Amazon fired a volley at Oracle and other relational database vendors on Wednesday, with the launch of a new, cloud-hosted database service that it says can deliver better performance than on-premises installations at a fraction of the cost.
Amazon Web Services senior VP Andy Jassy unveiled the new service, dubbed Amazon Aurora, during the opening keynote of the annual AWS re:Invent conference in Las Vegas, arguing that traditional database software isn't serving customers' needs in a cloud-centric world.
"This old-world relational database software is very expensive," Jassy said. "They're proprietary. There's a high level of lock-in. And they've got punitive licensing terms, not just allowing very little flexibility in moving to the cloud the way customers want, but also in the auditing and fining of their customers."
Increasingly, enterprises are trying to move as many workloads as possible to less-restrictive open source databases, Jassy said, but the problem is that it can be difficult to achieve the same performance with open source databases as with the proprietary giants.
Amazon Aurora seeks to address this by offering customers a fully MySQL-compatible database engine that's purpose-built to run at high performance on Amazon's cloud.
Amazon's Andy Jassy said AWS's new Aurora service can out-MySQL MySQL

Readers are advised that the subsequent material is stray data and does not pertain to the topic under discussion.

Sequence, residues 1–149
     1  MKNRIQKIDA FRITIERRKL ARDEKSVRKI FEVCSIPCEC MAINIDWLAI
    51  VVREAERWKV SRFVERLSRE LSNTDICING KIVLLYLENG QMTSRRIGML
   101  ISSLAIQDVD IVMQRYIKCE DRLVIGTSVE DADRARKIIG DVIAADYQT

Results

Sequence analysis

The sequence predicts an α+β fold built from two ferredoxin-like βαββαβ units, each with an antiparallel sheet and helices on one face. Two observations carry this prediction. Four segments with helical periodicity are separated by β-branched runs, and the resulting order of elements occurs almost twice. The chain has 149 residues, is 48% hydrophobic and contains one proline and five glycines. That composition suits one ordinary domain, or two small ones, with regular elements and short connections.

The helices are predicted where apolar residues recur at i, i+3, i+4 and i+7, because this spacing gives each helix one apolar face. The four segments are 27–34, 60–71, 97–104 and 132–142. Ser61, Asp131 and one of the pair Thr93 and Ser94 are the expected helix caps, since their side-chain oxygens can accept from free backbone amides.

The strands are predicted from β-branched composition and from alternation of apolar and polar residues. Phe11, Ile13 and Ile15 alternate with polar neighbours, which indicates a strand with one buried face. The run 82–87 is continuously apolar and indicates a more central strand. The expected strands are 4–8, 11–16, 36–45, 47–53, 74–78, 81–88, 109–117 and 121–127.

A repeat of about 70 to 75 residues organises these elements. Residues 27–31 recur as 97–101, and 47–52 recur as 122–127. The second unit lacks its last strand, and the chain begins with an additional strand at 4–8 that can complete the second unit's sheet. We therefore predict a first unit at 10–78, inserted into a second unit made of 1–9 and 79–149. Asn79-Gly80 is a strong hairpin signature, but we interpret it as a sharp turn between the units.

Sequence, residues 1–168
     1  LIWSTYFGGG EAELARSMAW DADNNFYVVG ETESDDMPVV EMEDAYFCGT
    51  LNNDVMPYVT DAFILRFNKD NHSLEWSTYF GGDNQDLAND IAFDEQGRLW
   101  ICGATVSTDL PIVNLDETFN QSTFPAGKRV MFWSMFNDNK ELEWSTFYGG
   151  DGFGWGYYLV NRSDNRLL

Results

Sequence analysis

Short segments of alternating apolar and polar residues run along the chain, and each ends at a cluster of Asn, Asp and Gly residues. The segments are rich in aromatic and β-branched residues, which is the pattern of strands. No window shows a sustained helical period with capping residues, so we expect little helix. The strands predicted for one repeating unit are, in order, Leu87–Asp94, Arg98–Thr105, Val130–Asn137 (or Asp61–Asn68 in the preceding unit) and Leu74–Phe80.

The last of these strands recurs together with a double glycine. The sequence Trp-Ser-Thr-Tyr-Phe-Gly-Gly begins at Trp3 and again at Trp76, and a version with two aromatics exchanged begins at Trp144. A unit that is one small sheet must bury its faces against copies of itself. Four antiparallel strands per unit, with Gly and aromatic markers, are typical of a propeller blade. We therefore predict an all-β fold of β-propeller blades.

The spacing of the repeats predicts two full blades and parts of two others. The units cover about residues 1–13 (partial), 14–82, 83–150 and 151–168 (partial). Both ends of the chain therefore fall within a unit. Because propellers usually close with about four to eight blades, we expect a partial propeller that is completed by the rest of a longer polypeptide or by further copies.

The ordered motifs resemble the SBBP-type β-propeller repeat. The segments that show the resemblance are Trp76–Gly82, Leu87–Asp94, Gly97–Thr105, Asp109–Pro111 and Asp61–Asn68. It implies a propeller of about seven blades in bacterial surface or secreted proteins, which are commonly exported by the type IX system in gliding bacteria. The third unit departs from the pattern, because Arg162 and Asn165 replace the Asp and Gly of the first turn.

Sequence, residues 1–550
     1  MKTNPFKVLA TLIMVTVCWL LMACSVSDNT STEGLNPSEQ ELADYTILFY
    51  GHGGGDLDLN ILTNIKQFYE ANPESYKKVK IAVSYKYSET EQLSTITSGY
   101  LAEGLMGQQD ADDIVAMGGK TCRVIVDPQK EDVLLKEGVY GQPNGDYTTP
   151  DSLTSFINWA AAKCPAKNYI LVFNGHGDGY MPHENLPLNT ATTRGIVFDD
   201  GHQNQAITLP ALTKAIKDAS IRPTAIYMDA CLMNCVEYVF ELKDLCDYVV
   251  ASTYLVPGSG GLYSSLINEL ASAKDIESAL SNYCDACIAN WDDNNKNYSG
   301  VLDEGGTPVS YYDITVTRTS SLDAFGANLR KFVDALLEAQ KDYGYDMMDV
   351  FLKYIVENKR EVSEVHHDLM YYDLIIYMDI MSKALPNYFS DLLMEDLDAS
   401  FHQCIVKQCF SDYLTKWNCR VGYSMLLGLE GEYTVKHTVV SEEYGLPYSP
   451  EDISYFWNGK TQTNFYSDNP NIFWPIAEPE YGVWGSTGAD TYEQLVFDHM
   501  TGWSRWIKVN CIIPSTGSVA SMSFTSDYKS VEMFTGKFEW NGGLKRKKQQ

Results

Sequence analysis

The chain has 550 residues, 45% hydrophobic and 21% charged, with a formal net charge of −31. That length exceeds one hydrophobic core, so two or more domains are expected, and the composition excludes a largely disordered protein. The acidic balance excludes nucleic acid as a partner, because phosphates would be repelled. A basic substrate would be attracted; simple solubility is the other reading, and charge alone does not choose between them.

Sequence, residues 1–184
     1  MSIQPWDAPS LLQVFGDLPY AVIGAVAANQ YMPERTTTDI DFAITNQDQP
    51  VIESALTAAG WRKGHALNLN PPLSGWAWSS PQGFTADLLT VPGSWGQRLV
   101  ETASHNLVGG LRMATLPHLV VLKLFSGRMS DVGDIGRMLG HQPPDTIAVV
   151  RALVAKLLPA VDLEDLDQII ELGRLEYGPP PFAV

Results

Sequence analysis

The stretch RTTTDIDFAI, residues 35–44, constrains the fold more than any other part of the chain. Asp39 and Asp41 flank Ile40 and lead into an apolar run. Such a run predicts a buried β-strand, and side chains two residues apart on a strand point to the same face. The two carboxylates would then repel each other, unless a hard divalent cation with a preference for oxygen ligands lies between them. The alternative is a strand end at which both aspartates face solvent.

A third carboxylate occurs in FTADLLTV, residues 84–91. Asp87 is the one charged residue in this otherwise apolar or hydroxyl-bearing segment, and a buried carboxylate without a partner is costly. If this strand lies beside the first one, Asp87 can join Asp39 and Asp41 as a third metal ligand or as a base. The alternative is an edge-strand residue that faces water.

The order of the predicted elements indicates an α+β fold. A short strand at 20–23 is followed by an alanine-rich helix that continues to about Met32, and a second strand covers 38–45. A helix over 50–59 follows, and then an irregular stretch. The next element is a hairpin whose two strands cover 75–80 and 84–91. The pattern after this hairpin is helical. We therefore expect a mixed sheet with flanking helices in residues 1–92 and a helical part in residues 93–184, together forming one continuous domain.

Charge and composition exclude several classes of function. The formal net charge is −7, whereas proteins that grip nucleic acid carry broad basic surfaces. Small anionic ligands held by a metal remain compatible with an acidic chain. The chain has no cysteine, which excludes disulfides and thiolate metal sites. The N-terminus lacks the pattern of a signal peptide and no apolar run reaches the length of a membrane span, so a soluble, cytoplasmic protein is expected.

"There is a better way," Aurora general manager Anurag Gupta said during Wednesday's keynote. "And it's really the same way that you guys have been building your own services and your own applications. You don't build monolithic software anymore. You use service-oriented architecture. You use multitenant, scale-out deployment."
Because Aurora was built based on cloud-centric, scale-out design principles, Jassy said, it works just like MySQL but can deliver five times the performance of the typical on-premises MySQL installation. That means it can process 6 million inserts per minute, he said, or 30 million selects per minute.
The service is also designed to offer greater than 99.99 per cent availability and to recover from database failures in less than 60 seconds, without crash recovery procedures or the need to rebuild database caches.
At launch, the service is compatible with MySQL 5.6, but Jassy told The Reg that Amazon expects it to maintain compatibility with the open source database as it matures.
MySQL, of course, is owned and maintained by Oracle. Amazon currently offers both traditional MySQL and the Oracle Database on its cloud via the Relational Database Service (RDS), in addition to Microsoft SQL Server and PostgreSQL. Aurora will now join these offerings as a fifth database engine for RDS, meaning Amazon will compete directly with Oracle for AWS customers' database workloads for the first time.
Customers will have the same RDS management capabilities with Aurora as they do with the other four engines, Jassy said.
The trick, he said, is that they will pay less. There are no up-front costs to start using Aurora, and running it on one of AWS's R3.large instances costs $0.29 per hour on a pay-as-you-go basis.
Aurora is available on AWS as a preview beginning on Wednesday. More information about the service is available here. ®